Wednesday, 30 March 2011


A frustrating day, doing battle with a self portrait. A recent Radio 4 programme, 'Churchill's other lives', brought to my attention his charming little book, 'Painting as a pastime' which I subsequently purchased on ebay for £8 and read. Not much advice for the artist, but many cute anecdotes. The radio programme mentioned Churchill's first submission to the RA in the early 40's under the name David Winter. Looking at his work from the period I can draw one of two conclusions. Either someone at the RA blew the gaff on his pseudonym to get him in, or the standard of entries has improved considerably in the intervening period. He went on to exhibit over 50 paintings in subsequent years. Anyway, the point is, on page 19 he says "painting a picture is like fighting a battle". Probably the most reliable source for such a comparison! Makes the battle I lost today less painful!

Tuesday, 29 March 2011


Choking is a well known phenomenon among sports stars. They become so good at something it becomes second nature. Then a 'big match' comes along. They think too hard and it all falls apart! Matthew Syed, the English table tennis champion devotes a whole chapter to it in his book 'Bounce'. Anyway, the relevance of this is my first 'group session' of life painting at the weekend. I was in a room full of 10 artists, some of them very good... and it went rather pear shaped for me... literally! So I went into the studio today and knocked up a few self portraits, just to make sure I hadn't totally lost it. I quite like their sketchy qualities. At least I don't look like a pear!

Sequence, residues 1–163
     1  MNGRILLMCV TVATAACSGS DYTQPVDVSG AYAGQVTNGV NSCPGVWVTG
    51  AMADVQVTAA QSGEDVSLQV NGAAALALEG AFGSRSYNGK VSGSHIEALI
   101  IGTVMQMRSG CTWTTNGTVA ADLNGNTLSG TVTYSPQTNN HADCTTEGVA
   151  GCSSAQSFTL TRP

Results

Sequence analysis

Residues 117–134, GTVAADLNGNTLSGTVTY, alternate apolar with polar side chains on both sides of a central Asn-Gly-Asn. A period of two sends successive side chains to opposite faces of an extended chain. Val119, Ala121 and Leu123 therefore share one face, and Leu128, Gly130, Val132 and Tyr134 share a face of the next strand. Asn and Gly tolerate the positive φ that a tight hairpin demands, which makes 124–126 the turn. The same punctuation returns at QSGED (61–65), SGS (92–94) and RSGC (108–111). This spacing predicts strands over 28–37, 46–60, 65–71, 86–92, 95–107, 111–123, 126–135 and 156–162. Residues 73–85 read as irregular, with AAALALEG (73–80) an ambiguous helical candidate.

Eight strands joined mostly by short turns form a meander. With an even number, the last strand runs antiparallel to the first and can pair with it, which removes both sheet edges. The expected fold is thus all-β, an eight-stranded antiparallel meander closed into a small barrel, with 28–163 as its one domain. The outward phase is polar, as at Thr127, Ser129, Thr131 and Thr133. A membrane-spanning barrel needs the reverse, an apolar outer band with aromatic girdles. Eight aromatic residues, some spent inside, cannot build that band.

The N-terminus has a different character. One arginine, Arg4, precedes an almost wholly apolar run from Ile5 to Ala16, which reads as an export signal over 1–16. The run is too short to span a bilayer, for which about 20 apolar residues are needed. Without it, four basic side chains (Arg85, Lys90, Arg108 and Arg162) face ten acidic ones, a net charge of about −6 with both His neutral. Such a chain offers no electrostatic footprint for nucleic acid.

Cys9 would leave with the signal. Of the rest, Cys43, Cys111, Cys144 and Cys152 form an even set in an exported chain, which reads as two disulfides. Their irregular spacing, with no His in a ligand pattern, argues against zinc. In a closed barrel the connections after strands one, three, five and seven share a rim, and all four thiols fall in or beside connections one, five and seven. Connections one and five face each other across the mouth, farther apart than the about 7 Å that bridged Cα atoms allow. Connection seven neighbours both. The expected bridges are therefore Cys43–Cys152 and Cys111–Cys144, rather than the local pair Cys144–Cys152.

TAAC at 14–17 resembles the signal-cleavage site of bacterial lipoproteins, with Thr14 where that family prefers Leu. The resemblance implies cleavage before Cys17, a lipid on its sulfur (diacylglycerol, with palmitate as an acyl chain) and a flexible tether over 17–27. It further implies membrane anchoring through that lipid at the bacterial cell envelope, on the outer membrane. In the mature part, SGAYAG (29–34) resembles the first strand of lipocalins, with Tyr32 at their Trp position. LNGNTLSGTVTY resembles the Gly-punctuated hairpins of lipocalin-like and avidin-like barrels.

Sunday, 27 March 2011


Today's fine weather sent me off to one of my favourite painting spots, Petersham Meadow, near Richmond. After a bit of hunting around I discovered this beautiful tree in blossom. I'm always knocked out by the paintings of the contemporary American artist Marc Hanson The way he manages to give definition and form to bushes and scrub is astonishing. So I decided to give it a try.
What I think I got right:
The composition, splitting the image in three, both vertically and horizontally.
Colours in the blossom. I noticed that when the sun came out it brought the yellow out. Even in very bright, but slightly hazy sunshine it returned to white.
The blue/mauve colour note in the background, which actually disappears in the photo but was quite visible!
The light colour of the field behind the row of trees. This was the colour it appeared on a couple of occasions while painting, when in a spot of bright sunlight. Not for the first time it occurred to me that the magic of plein air painting is its potential of capturing the best of lighting effects over a period of time, not just a moment in time like a photo.
What I thought I got wrong:
The tree had more shape than I captured.
Sun shining on any surface always increases the chroma of its colour. My chromas are too dull in sunlit areas. My paint handling is rather crude.

Thursday, 24 March 2011